The true north strongly regulated

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The Canadian Media Producers Association met this week in Ottawa. There was a Twitter hiccup in a panel discussion about the head of the CBC alluding to Netflix and cultural imperialism in the same breath. I would like to point out that whatever Catherine Tait said, it was a jeu d’esprit of no real significance. The deeper nonsense came from the CMPA’s President, Reynolds Mastin, who maintained the true faith of Canadian regulated broadcasting. Near the end of the plenary  at at 1:22:00 he lets Netflix have a blast of it. I quote him below.


“When all you say is no no to regulation, all we have is no sense – I presume the government has no sense – of what your real bottom line is, and what the trade-offs are from a regulatory perspective if and when you are brought into the regulatory fold  So from your perspective what would be the least worst option: mandatory contribution to the CMF, CPE contributions, exhibition requirements, and the other disservice I think that does to us as an industry and for a government trying to grapple with all of this is, we don’t have the benefit of Netflix’ extraordinary experience in this area, so we truly can retrofit a regulatory system in a way that makes sense for the incredibly powerful platform that you have created and all the others that Canadians are accessing today, and that I do think is a missed opportunity, and I hope we are going to hear on this stage next year what Netflix’ views are that, if they did have to be regulated, what that would look like, because we are going to get there.”

 Uh, no. we are not going to retrofit the licensing scheme of the Broadcasting Act onto the Internet. More people should take note of the Internet Society, Canada Chapter’s view of this. Parliament has no authority to subject the Internet to the licensing scheme of the Broadcasting Act. They may have thought they did, and most people are firmly of the conviction that a regulatory agency can subject every video sent across the Internet to licensing, or worse, exemption from licensing. They might wish to consult the Charter of Rights and Freedoms and lawyers less enthralled to the regulatory universe of the Broadcasting Act, and its beneficiaries.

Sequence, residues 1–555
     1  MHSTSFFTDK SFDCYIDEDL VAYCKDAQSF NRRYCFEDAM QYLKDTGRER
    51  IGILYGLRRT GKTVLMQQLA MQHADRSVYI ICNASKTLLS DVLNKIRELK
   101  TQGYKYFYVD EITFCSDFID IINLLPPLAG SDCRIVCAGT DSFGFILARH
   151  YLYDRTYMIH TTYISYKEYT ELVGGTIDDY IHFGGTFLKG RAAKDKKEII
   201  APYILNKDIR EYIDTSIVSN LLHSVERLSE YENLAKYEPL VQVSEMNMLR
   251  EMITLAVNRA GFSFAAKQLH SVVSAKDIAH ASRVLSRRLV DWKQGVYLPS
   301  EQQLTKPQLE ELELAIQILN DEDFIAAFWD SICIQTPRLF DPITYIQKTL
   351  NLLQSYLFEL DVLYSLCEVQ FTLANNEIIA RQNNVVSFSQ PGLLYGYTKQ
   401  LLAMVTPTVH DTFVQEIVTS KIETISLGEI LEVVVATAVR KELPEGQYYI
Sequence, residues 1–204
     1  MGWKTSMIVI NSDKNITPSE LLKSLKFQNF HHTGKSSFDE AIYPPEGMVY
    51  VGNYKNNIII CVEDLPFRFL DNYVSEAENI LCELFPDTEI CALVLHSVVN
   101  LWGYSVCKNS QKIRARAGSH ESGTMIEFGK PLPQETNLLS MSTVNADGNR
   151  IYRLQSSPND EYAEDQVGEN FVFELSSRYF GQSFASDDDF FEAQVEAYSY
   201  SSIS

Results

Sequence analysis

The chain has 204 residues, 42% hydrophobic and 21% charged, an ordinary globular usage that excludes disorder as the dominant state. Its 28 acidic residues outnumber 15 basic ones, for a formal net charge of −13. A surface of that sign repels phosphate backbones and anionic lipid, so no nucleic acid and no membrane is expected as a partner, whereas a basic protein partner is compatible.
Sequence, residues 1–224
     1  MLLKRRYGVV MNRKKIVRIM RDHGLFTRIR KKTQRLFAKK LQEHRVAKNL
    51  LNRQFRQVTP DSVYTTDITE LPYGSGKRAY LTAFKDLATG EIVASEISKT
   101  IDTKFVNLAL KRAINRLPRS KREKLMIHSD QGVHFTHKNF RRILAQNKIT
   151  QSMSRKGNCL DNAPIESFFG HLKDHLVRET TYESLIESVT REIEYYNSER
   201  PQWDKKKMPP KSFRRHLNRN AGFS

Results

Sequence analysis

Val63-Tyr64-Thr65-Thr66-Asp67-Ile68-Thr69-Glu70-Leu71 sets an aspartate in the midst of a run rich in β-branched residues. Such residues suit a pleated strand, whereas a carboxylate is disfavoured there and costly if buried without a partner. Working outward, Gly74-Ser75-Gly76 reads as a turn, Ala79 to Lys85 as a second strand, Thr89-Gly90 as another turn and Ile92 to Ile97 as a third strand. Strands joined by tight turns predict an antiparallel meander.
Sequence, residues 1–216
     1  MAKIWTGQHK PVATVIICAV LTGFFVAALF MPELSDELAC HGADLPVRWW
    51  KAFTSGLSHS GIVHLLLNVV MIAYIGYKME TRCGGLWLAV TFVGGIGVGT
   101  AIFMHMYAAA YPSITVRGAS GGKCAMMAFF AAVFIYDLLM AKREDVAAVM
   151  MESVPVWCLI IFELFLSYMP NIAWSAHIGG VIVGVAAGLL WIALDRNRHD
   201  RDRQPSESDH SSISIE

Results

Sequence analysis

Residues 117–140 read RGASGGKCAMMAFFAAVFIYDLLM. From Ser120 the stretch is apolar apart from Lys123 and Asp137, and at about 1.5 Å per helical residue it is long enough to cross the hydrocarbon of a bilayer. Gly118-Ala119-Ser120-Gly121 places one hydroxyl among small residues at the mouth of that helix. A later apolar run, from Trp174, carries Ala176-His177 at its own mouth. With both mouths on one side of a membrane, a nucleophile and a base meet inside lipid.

If I had had $5 from every one of the serious players who insisted that interprovincial telecommunications undertakings would never be declared federal (AGT case, 1987) I would have had a case of champagne. I am quite used to taking minority views and being proven right. It just takes a few decades, sometimes.

I have been reading Andrew Roberts fine and balanced biography of Churchill. Those familiar with the story know that Churchill was thought dangerously wrong  by the British Establishment for thinking and saying loudly in the 1930s that Hitler meant war, and that Britain’s unwillingness to prepare for war was only encouraging the German dictator. Evidently, I am no Churchill and the Broadcasting Act is no Hitler. Yet those of us who think that the Broadcasting Act is the perpetuator of a miasma of mediocre television and cushy economic privileges have no hesitation in saying that Canada’s television production system badly needs a shake-up, and is getting one from Internet-based programming platforms. And they will not be regulated by the Broadcasting Act.

I have heard people in the early 1980s insist, fervently, that the feds would never assert jurisdiction over provincially regulated telephone companies. I also heard from many supercilious types that the Soviet Union was here to stay, and that we ought to accommodate it.

Yeah, sure. Reynolds Mastin will be surprised, and he will not be alone.

As to Catherine Tait’s silly words,  the real cultural imperialism, in a morally serious use of that word, is of the CBC toward the citizens of this country who live outside certain secluded urban retreats – the other 98% of us. The right to depart from the regulated cultural system through commercial and technical choice does not constitute imperialism, and never will. More and more of us live in a post-Broadcasting Act world. We like it here. Long live the Internet!

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